The term “word” has its origins in the Proto-Indo-European (PIE) root “werdʰ-,” meaning “to speak” or “to say.” This root evolved into the Proto-Germanic term “wurdan,” which maintained the meaning related to speech or utterance. By the 1st millennium BCE, “*wurdan” was established in Proto-Germanic, laying the foundation for its further development.

In Old English, around the 5th century CE, the term became “word,” pronounced as [word], retaining its meaning of “speech” or “utterance.” Throughout the Middle English period, around the 11th century CE, “word” continued to be used with a similar pronunciation [ˈwɔrd] and meaning. Finally, in Modern English, starting from the 15th century CE to the present, the term “word” evolved into its current form and pronunciation [wɜːrd] or [wɝːd], signifying a single distinct meaningful element of speech or writing used to convey ideas, emotions, or actions.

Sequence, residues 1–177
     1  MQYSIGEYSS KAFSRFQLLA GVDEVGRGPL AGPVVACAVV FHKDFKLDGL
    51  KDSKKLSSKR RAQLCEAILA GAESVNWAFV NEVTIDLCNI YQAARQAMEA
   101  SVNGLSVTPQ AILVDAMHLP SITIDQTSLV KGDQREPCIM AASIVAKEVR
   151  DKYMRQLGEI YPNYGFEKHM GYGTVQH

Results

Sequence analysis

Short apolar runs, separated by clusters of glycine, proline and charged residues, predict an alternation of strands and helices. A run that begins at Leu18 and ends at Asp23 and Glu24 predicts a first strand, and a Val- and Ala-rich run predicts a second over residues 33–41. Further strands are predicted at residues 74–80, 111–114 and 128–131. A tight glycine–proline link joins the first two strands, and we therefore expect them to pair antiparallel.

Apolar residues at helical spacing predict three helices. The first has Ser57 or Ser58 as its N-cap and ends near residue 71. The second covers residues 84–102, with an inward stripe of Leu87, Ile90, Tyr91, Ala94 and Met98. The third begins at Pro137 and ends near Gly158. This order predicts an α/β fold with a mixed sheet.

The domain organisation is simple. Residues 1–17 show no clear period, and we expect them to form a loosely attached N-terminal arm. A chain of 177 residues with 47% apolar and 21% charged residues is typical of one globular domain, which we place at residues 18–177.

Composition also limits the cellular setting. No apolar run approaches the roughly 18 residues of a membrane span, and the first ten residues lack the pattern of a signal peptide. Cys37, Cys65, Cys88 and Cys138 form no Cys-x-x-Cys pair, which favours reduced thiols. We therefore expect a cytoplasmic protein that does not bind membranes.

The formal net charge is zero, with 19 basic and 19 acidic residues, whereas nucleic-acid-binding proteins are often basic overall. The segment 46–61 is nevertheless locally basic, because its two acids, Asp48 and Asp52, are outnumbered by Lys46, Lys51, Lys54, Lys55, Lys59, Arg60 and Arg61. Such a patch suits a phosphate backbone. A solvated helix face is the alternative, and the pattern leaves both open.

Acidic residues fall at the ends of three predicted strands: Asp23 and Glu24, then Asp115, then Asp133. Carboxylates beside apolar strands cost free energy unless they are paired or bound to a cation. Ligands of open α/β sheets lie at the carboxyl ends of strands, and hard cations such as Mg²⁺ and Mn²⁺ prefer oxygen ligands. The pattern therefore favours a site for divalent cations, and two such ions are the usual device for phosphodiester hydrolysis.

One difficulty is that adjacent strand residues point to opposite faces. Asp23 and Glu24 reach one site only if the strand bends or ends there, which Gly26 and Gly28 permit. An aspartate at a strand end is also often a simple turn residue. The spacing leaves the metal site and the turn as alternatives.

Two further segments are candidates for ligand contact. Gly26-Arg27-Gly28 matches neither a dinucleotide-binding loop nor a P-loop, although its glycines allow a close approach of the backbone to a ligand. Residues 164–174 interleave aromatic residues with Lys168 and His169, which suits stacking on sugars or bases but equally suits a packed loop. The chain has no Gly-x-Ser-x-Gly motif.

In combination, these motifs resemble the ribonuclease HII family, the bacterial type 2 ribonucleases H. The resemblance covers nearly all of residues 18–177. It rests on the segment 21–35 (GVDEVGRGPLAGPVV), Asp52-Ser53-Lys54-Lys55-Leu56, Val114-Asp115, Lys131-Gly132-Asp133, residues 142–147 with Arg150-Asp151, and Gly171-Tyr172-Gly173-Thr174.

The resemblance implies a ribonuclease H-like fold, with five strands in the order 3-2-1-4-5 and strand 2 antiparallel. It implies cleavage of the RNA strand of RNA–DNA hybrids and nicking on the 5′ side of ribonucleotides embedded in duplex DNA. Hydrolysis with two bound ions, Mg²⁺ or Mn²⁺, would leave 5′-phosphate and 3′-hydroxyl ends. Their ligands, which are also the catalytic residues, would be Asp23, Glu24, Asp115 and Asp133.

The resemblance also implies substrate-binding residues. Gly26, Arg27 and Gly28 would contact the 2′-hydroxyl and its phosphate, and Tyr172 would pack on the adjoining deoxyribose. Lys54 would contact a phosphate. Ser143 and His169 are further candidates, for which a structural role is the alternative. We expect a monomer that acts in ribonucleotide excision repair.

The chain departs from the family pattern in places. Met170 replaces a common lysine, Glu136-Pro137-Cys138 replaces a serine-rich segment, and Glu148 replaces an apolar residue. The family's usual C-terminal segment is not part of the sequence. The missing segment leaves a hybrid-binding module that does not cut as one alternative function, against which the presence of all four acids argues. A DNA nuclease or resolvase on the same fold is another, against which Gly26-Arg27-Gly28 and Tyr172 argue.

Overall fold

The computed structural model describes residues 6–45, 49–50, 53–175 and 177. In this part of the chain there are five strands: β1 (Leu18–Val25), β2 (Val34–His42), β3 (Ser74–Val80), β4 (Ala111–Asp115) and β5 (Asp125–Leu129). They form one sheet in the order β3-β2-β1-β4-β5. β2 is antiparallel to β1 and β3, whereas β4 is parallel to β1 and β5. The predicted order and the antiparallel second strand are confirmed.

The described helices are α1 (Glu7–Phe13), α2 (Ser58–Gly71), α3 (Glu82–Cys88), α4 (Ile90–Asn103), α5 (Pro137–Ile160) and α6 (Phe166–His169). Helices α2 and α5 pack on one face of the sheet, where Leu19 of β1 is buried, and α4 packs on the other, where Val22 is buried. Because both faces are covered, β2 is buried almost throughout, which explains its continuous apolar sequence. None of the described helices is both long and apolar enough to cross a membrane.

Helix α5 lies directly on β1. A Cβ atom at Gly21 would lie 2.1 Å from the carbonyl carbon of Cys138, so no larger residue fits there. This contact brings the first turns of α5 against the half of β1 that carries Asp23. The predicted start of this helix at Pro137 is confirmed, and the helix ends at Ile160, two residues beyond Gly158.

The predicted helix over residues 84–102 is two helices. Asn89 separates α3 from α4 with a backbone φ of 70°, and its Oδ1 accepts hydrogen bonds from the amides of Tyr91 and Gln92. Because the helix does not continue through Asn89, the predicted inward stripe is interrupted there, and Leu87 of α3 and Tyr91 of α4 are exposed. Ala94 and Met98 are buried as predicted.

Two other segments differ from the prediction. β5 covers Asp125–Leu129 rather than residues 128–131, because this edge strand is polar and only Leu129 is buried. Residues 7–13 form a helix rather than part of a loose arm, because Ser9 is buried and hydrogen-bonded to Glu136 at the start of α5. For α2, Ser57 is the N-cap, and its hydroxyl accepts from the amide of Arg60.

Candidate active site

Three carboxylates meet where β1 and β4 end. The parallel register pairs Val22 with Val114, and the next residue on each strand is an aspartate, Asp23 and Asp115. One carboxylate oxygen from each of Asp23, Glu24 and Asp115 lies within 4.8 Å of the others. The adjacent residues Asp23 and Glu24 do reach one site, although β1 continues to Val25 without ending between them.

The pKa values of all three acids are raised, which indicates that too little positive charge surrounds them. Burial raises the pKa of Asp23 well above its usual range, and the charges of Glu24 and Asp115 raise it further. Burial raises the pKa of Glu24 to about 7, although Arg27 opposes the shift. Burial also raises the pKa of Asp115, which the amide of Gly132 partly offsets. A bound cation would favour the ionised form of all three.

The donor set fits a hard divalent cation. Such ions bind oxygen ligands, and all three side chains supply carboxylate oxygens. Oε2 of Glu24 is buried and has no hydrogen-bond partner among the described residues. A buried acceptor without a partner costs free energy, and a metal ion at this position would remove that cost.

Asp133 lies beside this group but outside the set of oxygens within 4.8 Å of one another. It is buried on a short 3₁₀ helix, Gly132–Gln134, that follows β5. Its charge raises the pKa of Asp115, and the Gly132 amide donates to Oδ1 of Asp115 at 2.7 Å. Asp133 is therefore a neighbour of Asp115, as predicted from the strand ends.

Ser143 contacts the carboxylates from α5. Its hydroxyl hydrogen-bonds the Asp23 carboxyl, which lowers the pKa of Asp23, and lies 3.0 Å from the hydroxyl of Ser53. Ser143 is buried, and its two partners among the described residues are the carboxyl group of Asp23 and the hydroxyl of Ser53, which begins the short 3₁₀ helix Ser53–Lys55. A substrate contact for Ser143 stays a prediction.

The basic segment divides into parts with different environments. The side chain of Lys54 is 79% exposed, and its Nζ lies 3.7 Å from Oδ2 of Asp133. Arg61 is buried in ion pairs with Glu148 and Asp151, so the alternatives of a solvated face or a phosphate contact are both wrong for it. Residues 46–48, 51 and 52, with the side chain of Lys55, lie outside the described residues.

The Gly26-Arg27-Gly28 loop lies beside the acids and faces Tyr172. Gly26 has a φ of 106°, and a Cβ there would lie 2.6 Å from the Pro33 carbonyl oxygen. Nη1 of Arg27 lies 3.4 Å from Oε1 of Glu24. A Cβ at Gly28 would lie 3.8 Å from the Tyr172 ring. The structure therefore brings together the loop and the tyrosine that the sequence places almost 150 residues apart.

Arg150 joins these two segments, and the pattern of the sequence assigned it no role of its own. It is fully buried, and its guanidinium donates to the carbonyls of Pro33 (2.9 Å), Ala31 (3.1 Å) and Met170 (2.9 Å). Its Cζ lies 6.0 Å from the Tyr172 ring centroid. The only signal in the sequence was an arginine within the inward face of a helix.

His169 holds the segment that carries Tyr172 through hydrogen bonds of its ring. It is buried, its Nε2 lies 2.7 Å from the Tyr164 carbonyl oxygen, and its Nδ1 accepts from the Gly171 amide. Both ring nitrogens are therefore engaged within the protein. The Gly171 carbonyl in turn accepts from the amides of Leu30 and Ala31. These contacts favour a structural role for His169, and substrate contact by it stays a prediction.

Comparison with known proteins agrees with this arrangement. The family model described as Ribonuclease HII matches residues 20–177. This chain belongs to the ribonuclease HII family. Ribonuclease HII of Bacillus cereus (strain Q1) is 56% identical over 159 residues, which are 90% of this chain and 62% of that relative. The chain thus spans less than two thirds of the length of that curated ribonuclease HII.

Interestingly, the concept of “word” can be compared to the term “logos” in Greek. “Logos” originates from the PIE root “leg-” or “leǵ-,” meaning “to gather” or “to speak,” and appears in Ancient Greek literature and philosophy as early as the 8th century BCE. “Logos” means “word,” “speech,” “reason,” or “principle.” It was a fundamental concept in Greek thought, prominently used by philosophers like Heraclitus in the 6th century BCE to describe the underlying order and reason of the universe. The term continued to evolve, gaining significant theological importance in early Christian writings, particularly in the Gospel of John, where it referred to Christ as the divine Word.

Thus, while “word” developed within the Germanic language family, “logos” has a much earlier and broader conceptual history within Greek thought and language. This highlights how different linguistic traditions have explored and expressed the concept of speech and reason, with “logos” predating and influencing the understanding of “word” in various contexts.